Home Business News Oil opens to highest levels in over a month with OPEC+

Oil, across both major crude oils, was able to record notable gains at the opening of the new week’s trading.

Brent crude oil recorded a level of $83.74 per barrel at the opening, with gains of approximately 0.5%, which represents the highest opening since late last January.

West Texas Intermediate crude oil was also able to open at the highest level since early last November, at $80.07 per barrel as well. However, both crude oils reversed and reduced those gains as the purchasing momentum quickly receded during the early morning hours.

Today’s oil gains came after the decision of the Organization of the Petroleum Exporting Countries and its ally Russia (OPEC+) to extend the voluntary reduction in oil production during the second quarter by 2.2 million barrels per day.

The Kingdom of Saudi Arabia is committed to cut its oil production by one million barrels per day, and Russia will also maintain a reduction in its exports by 471 million barrels.

While this decision came in line with market expectations and did not present any surprise, this was reflected in the rapid decline in morning gains. As the markets are still looking for more signals that help support prices.

The markets received some support last Friday with more hope for the Federal Reserve to cut interest rates at the upcoming May and June meetings after hope for that faded at the March meeting, and this was reflected in the largest decline in US Treasury bond yields since mid-February.

This hope, in turn, came at the cost of a further, larger-than-expected contraction in US manufacturing activity in February, according to a ISM manufacturing PMI report. But on the other hand, manufacturing activities continued to grow for the fourth month in a row in China, according to S&P Global, and the markets welcomed the result.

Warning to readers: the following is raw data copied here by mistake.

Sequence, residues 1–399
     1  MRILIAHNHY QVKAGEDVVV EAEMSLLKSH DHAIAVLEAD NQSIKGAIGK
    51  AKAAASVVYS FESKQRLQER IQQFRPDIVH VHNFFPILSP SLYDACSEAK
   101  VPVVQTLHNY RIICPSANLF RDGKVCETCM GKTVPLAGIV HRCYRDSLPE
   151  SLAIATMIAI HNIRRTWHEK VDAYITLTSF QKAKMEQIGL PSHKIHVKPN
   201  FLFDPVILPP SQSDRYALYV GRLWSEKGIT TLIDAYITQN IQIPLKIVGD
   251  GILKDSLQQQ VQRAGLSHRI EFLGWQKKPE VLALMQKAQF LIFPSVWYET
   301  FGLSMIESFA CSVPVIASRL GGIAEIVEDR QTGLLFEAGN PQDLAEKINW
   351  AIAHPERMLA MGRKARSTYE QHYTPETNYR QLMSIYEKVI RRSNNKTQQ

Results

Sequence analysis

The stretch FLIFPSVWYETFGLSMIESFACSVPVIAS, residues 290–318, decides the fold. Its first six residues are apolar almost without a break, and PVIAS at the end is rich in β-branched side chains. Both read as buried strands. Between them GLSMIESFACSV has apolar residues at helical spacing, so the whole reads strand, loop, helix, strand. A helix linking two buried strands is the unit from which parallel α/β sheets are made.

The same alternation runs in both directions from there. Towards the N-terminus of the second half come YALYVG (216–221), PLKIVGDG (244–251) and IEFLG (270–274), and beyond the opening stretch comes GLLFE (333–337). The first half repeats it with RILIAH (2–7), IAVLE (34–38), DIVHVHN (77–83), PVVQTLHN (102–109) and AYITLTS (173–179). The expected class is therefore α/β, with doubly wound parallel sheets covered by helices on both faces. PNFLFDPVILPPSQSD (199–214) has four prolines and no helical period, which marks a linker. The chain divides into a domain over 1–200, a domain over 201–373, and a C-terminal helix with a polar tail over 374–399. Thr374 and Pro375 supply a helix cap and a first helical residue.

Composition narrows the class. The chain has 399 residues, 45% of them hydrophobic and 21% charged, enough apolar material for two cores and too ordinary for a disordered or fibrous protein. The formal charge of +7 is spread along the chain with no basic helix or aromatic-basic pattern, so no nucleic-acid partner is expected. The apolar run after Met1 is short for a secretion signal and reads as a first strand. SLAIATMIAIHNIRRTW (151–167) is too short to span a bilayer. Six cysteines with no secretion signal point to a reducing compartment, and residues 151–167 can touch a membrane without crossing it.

Markets are also closely monitoring what is happening in the Middle East, with contradictory signals about the possibility of reaching a potential ceasefire that may last for more than a month, in light of local and international pressures to contain the conflict.

However, this talk about a temporary peace has been met with a number of bloody developments over the past few days, coinciding with the threat of expanding the scope of ground operations, which may exacerbate the conflict in a way that may not be possible to contain.

This week is also full of very important economic data as well. We await the numbers of service purchasing managers for both China and the United States, with expectations that the growth of service activities will slow slightly in China. We are also awaiting a set of labor market data from the American markets, the latest of which is the non-agricultural jobs numbers, which are expected to have added 190,000 jobs in February.

While the weaker than expected numbers, especially for the labor market, may be supportive of the oil markets, with more hope about the Federal Reserve cutting interest rates in its next two meetings.

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